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Yeasayer - Amen & Goodbye [Album Review] - acid stag

Yeasayer – Amen & Goodbye [Album Review]

words by Alex Milne

Amen & Goodbye is collaborative and multifaceted, with sounds that span from sparse and careful to lush and emotive. Like a collection of fables, every song on this album tells a story.

Taking four years to reach fruition, Amen & Goodbye changed up the usual songwriting formulae. The band took themselves to an isolated farm in upstate New York to record in analog. Part way through recording the roof leaked and destroyed a large amount of their recordings. The band was forced to take what was salvageable back to New York and employ a producer (something they had never done before) to piece together what they had into an album.

Keeping the album flowing, Yeasayer have thrown in short, less than one minute, tracks that work as introduction (‘Daughters of Cain’), intermission (‘Computer Canticle 1’) and outro (‘Amen & Goodbye’). ‘I am Chemistry’ is one of their stronger tracks. It is percussive and choral – written from the perspective of an atom. This one sounds a bit like Gypsy and the Cat. ‘Silly Me’ reminds me of Architecture in Helsinki with it’s cute and funky pop, emotive vocals and unusual sound effects. It draws back to ‘Ambling Alp’ from their previous album Odd Blood. ‘Half Asleep’ is deeply instrumental with ambient effects and female chorals. ‘Dead Sea Scrolls’ sounds like Spoon meets Cat Empire. Their use brass is refreshing and the eerie two minute solo demonstrates the musicality and expanding creativity of Yeasayer.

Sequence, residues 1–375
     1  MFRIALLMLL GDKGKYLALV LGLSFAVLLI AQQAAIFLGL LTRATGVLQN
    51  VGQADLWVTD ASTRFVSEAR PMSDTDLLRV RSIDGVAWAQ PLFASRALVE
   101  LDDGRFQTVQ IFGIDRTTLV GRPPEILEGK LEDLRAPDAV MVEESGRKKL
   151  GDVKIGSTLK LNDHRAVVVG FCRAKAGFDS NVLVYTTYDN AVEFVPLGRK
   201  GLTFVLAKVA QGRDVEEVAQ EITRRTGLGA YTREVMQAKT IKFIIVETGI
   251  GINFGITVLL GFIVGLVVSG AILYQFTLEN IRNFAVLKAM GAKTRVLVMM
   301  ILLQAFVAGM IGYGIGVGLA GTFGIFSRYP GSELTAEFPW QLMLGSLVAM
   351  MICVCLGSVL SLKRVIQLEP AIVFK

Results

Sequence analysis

‘Prophecy Gun’ is slow and atmospheric, building layers of sound with discordant melodies. ‘Child Prodigy’ is another short interval track, played on the harpsichord. ‘Divine Simulacrum’ is one of my favourite tracks with its sliding vocals and sexy, drawn out melodies. ‘Gerson’s Whistle’ layers many voices and moves at a steady pace. ‘Uma’ is a lullabye and ‘Cold Night’ tugs at your heartstrings.

The sound that Yeasayer has borne is the result of a lengthy process of creation. The studio they recorded in was full of exotic string and natural reverb that inspired them to record new sounds and add complexity to their music. Reflecting on the old rock of Queen and Sgt Pepper, and combining with modern pop and otherworldly sounds, this is one of the best albums I’ve heard so far this year.

Rating: ★★★★

Amen & Goodbye will hit the shelves on April 1st through Mute Records 

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